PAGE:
Veteran QB Chad Henne started 15 games and attempted 305 passes for the Jacksonville Jaguars last season—the most action he’s seen during his six-year tenure in the NFL.
While last season’s 4-12 record probably isn’t what he had hoped to achieve, the team had a lot of weak spots on its depth chart, and it’s hard to blame it all on him. He did, however, only produce 13 passing touchdowns, while hurling 14 interceptions, which isn’t a very good ratio at all for a signal-caller in today’s pass-first league.
And remember, the team selected QB Blake Bortles with the No. 3 pick in this year’s draft. He was reportedly “their guy,” and the Jaguars brass was going to do whatever it could to land him, even if they reached a bit with the pick.
But head coach Gus Bradley is attempting to instill some consistency as his young team continues along on its rebuilding process. He said his players are rallying around Henne as their leader, rather than the young Bortles, via comments made in Wednesday’s edition of NFL Total Access.
“I think it’s been out there that our beliefs and our feelings is that we feel so strongly about Chad and he’s going in, I think the team has really rallied around that,” Bradley said from the NFL Rookie Symposium. “Now, it has provided an atmosphere for Blake to really go out there and ask a lot of questions and gain a lot of information from all the quarterbacks that are in.”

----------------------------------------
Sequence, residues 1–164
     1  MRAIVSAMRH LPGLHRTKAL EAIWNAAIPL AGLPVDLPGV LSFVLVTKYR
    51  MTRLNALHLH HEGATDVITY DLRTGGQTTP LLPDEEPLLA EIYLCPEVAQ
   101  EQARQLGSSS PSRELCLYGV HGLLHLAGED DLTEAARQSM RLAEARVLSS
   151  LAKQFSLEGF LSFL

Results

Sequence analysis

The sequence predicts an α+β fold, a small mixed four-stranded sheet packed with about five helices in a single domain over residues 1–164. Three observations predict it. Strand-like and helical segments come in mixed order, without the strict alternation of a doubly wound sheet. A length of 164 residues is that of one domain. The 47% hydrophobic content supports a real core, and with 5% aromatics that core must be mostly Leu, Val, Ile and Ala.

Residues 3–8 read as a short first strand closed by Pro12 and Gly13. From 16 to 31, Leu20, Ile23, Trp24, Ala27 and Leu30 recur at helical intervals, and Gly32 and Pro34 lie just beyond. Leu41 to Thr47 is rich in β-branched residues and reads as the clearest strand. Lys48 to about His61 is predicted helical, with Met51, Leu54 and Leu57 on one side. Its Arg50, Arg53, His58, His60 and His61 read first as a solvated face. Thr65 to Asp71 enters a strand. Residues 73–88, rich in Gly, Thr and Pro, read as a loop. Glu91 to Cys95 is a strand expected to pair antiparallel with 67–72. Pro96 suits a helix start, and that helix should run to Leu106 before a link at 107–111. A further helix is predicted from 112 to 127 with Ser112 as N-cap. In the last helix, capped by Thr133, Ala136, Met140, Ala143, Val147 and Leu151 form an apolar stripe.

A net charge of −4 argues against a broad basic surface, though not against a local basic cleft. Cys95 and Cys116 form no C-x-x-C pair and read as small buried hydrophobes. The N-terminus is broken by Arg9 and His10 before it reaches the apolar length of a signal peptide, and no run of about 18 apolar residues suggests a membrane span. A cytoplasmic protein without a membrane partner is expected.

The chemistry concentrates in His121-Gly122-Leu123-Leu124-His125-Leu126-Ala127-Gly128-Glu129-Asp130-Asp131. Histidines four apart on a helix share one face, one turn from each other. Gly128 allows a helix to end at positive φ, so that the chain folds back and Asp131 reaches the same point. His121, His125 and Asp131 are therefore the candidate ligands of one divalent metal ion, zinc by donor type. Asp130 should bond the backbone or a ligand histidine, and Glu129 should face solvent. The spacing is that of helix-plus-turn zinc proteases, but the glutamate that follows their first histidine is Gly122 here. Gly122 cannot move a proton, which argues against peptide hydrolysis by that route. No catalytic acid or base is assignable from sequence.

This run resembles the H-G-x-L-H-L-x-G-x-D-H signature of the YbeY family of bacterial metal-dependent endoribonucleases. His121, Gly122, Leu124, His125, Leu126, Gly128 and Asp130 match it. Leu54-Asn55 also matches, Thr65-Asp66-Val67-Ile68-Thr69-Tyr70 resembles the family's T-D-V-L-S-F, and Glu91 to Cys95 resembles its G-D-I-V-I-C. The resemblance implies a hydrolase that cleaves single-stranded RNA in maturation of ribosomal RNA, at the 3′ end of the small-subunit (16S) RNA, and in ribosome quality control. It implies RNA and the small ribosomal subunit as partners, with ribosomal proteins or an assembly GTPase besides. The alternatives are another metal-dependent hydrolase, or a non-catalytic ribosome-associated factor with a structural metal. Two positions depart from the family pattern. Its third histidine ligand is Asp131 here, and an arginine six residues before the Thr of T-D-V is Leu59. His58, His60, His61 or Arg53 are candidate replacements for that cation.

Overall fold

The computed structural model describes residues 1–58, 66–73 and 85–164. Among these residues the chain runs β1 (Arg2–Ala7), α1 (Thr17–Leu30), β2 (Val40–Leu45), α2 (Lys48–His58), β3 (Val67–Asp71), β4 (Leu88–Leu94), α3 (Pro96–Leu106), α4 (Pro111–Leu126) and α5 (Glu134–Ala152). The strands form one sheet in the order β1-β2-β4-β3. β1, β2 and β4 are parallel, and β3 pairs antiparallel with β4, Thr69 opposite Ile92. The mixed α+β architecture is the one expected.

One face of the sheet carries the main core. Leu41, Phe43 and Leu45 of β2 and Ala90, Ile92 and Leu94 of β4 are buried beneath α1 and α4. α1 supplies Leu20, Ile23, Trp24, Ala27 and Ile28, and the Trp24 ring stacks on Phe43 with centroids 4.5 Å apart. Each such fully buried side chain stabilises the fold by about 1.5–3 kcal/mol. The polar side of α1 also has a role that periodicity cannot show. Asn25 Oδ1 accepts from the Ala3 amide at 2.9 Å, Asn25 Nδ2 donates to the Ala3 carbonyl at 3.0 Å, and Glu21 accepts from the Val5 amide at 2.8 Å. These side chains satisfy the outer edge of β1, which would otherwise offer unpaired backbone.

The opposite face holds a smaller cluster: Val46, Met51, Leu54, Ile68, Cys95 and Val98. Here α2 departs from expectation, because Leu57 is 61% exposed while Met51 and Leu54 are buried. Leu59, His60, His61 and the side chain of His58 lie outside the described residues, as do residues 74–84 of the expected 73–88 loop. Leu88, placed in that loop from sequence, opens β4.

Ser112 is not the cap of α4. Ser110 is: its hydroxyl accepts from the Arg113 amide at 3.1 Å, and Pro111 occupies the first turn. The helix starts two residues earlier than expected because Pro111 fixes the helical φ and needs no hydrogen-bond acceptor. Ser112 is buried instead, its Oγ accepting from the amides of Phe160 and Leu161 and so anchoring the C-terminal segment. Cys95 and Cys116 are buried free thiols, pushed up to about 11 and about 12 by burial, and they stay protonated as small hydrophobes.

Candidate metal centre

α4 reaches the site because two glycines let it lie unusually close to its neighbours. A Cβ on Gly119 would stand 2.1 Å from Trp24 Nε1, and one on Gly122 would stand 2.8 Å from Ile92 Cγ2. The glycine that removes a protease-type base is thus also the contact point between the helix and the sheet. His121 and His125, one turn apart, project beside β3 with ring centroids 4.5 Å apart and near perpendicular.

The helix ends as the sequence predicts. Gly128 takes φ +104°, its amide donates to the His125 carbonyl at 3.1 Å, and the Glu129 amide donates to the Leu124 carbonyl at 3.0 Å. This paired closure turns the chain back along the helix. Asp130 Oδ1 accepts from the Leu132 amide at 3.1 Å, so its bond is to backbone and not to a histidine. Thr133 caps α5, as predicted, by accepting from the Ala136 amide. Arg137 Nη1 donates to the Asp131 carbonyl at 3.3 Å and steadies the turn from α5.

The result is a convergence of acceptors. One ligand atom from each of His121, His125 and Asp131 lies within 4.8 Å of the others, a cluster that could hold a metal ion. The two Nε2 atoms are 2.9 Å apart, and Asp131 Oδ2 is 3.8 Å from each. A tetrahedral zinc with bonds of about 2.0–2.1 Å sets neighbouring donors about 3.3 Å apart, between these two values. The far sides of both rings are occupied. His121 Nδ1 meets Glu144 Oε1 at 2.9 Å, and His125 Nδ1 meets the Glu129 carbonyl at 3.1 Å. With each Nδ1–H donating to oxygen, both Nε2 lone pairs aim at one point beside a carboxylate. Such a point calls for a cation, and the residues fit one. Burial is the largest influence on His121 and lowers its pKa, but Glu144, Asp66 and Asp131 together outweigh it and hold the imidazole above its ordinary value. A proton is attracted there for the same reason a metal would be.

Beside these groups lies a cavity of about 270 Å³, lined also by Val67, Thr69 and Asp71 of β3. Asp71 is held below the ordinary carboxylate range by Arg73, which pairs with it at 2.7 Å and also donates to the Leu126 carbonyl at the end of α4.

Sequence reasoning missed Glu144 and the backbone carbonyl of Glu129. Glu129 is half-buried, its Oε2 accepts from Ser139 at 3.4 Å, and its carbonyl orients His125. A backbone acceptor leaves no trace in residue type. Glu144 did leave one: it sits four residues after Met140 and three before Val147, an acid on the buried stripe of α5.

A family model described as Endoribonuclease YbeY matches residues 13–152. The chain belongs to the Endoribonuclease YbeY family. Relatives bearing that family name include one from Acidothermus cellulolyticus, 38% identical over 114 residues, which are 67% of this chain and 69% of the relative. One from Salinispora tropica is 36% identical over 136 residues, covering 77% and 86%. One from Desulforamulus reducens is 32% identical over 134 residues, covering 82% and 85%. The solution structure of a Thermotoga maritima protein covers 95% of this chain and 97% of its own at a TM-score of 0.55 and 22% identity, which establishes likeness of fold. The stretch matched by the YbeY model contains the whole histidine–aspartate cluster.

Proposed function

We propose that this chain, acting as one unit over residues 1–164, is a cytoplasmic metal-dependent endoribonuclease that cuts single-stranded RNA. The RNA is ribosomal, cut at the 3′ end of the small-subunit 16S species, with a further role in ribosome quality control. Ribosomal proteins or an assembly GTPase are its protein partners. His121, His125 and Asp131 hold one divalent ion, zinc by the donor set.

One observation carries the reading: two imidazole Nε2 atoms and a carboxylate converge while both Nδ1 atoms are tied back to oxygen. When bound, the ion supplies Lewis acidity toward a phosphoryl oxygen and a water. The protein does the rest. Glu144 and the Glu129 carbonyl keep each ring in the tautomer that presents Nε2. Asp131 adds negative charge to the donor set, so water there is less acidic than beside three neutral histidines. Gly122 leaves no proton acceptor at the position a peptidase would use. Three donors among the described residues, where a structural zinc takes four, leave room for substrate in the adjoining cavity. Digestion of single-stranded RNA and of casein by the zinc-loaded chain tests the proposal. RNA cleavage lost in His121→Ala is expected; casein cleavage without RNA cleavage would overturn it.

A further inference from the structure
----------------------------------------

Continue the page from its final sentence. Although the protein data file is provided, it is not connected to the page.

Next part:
He spoke about Bortles’ development as well.
“He’s doing a really good job, he’s having more good days than days that maybe he’s struggling, like all rookies have…We’re very excited about his development.”
Bradley also said that Henne will get first-team reps in training camp, but the future is still uncertain. If we’ve learned anything about Henne during his career, it’s that he has a propensity to throw interceptions at the worst possible time.
And while Henne is a fairly accurate quarterback—he completed 60 percent of his passes attempted last season—he’s not the guy to fit balls into tight windows if teams are dropping into coverage. And he certainly has his “bad” moments from time to time. If he struggles early in the season or even in training camp, and Bortles starts turning some heads, don’t be surprised if the rookie QB gets some locker room support of his own and hears his number called sooner than later.